Often we make a smaller version for home, which would really be an Arista, roast pork- filled with herbs as for the porchetta. A generous amount of aromatic rosemary, the herbal kind, not the landscaping one which is rich in a camphor like resin. Chopped garlic, salt, pepper and fennel are the other seasonings which create the secret blend. Each butcher and housewife have their own version. Here is the base recipe which I add to and change with my moods.

Whole Pork roast- with ribs for more flavor while roasting- boned and rolled back on

Here is my Erbe Toscane recipe to start experimenting for your own version of porchetta.

Both Kate and I are working with chefs coming to learn the secrets of pork and butchering from the source. I am so happy to see the return of artisan butchers in American and even the "meat-cutters" are now being trained to know which recipes to suggest for the different cuts of meat.

We all want to look good when we cook, and often the wrong but of meat can ruin a dish!

So if you are not sure, go to the Master and ask for advice. My mother-in-law always told me-
"Spend more time shopping and less time cooking."

The secret is, the fresher the ingredients and the higher the quality, it needs no fancy cooking to make it taste good- it is good left natural!

Enjoy time in the kitchen and your time at the table- and spend time bonding with the people that make your food, from the farmers at the weekly market to the butchers at the grocery store.
Your family will thank you!

As Fergus Henderson said at our presentation in Seattle- "Hug your Butcher"-

August 8, 2009

Market Inspired Recipe

The finished Tigella, filled with Burro del Chianti from the Macelleria Cecchini

Often when I say I am market inspired to cook something, I am referring to the fresh fruit and vegetable markets held weekly in local towns or the Central Market in Florence where I conduct my walking tours.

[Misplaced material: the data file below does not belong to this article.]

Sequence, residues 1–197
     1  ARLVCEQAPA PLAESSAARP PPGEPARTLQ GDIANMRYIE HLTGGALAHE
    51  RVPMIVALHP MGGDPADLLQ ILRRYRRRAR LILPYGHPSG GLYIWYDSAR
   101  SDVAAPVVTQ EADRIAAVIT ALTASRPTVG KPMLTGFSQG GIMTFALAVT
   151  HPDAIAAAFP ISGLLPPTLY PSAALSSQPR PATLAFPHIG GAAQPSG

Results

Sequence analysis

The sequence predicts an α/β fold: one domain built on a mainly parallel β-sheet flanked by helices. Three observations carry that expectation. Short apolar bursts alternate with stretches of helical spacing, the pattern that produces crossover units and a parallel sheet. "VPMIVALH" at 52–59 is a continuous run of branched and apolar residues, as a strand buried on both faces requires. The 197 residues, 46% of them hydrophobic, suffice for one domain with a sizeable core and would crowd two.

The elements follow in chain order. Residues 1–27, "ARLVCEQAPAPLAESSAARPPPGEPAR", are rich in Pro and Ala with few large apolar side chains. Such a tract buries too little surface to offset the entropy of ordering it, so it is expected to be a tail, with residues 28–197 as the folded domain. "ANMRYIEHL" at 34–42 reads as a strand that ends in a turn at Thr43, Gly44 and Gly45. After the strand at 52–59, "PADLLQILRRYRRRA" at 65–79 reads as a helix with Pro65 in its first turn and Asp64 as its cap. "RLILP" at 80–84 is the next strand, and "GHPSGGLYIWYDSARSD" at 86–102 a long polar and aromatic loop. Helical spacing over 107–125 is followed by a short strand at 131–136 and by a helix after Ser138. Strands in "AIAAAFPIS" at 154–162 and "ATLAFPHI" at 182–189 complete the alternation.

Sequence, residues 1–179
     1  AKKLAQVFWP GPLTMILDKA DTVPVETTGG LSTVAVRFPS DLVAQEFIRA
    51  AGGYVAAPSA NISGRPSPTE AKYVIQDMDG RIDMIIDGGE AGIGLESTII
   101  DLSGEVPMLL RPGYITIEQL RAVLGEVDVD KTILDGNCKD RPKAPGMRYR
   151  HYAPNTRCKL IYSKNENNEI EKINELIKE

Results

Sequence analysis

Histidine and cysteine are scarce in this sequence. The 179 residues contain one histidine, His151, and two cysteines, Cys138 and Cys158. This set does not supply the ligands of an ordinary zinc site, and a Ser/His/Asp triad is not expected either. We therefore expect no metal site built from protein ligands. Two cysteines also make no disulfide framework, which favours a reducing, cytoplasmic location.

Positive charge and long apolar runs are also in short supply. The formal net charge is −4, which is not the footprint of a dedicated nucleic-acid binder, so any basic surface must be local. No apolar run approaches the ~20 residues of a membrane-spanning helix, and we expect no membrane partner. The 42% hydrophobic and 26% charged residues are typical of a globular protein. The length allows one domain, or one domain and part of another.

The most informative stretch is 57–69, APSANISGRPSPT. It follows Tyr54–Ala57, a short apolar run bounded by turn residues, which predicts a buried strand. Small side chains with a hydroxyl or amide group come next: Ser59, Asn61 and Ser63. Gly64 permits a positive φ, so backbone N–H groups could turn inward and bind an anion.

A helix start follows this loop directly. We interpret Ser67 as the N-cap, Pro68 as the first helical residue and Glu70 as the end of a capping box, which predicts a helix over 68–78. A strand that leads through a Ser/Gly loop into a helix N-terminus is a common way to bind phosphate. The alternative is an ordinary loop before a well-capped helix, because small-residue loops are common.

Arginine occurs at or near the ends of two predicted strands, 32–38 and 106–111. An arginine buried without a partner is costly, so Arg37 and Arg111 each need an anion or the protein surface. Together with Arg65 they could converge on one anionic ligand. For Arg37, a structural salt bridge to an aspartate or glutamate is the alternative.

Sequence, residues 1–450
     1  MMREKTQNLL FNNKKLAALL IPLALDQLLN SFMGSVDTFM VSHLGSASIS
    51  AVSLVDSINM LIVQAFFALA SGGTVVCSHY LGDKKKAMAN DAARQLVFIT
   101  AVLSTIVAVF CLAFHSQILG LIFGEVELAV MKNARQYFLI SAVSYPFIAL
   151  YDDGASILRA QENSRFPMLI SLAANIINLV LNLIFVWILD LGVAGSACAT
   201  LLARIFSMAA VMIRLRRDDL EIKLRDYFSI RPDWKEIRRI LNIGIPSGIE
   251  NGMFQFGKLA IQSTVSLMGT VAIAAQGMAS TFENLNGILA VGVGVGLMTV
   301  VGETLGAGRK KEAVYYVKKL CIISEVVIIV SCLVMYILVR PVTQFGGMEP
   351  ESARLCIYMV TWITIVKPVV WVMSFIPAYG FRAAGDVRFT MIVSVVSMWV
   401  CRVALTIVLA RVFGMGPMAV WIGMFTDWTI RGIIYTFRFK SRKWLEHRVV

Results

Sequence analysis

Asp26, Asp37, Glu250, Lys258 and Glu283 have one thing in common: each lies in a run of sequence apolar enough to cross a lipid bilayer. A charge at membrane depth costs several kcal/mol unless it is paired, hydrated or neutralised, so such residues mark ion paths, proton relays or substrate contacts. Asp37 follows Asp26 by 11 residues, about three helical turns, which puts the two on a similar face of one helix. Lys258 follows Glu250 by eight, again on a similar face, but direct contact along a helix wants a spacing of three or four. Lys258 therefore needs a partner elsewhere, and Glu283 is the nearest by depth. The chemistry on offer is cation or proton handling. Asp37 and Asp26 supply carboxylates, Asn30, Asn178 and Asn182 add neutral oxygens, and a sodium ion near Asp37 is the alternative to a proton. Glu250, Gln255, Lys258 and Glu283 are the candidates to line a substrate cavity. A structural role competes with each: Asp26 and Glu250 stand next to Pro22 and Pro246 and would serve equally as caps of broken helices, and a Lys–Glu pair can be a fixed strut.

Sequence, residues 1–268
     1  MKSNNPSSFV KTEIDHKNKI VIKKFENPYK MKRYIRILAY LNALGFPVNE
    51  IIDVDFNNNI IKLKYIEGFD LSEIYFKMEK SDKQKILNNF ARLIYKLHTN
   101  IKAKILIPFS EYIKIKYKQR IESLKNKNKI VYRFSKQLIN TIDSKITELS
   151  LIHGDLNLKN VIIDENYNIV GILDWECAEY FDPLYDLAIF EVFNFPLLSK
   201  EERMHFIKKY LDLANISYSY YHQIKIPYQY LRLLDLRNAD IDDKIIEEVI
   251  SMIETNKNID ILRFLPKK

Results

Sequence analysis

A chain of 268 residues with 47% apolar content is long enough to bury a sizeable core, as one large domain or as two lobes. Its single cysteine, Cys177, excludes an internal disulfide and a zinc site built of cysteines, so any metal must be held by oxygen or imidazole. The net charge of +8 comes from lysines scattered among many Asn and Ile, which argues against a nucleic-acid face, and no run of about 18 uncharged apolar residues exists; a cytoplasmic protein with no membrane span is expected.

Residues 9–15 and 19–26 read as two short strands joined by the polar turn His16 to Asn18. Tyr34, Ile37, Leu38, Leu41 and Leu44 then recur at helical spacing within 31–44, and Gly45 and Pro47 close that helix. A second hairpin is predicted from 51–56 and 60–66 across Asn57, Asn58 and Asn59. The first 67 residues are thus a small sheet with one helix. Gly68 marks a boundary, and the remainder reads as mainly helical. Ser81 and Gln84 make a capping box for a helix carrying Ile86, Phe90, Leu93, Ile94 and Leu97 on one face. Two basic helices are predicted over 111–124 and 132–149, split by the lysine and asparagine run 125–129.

But there are other markets that inspire me- the first Sunday of the month in Panzano is the artisans market and there are stand after stand of food artisans up by Dario Cecchini's Macelleria. Then the market twists down to the Sunday food market in the tiny main piazza on the 222 highway. After this is my favorite part, with crafts and flea market treasures.

I scored this week! My husband actually found this. A aluminum mold for a stovetop flatbread called Tigelle. These are from Emilia Romagna, mostly around Modena and also in the mountains. Often cooked between clay disks over an open fire, the more modern version is made of metal.

The Tigelle mold is used stovetop- 1950's cost €5, a real find!

To make Tigelle:

300 grams Italian flour (00), in America White Lily works or King Aurthur sells Italian flour
25 gram fresh yeast ( I used a packaged dry yeast, the amount that is used for 500 gr or one pound of flour.
50 grams lard ( I used the same lard I filled the tigelle with, artisan made)
1/2 cup warm water

Mix the yeast into the warm water and stir.
Add the salt to the flour and then the lard.
I mixed the lard into the flour first, as I would for a tortilla dough, "cutting" it into the flour.

Add the water and mix to make a soft dough.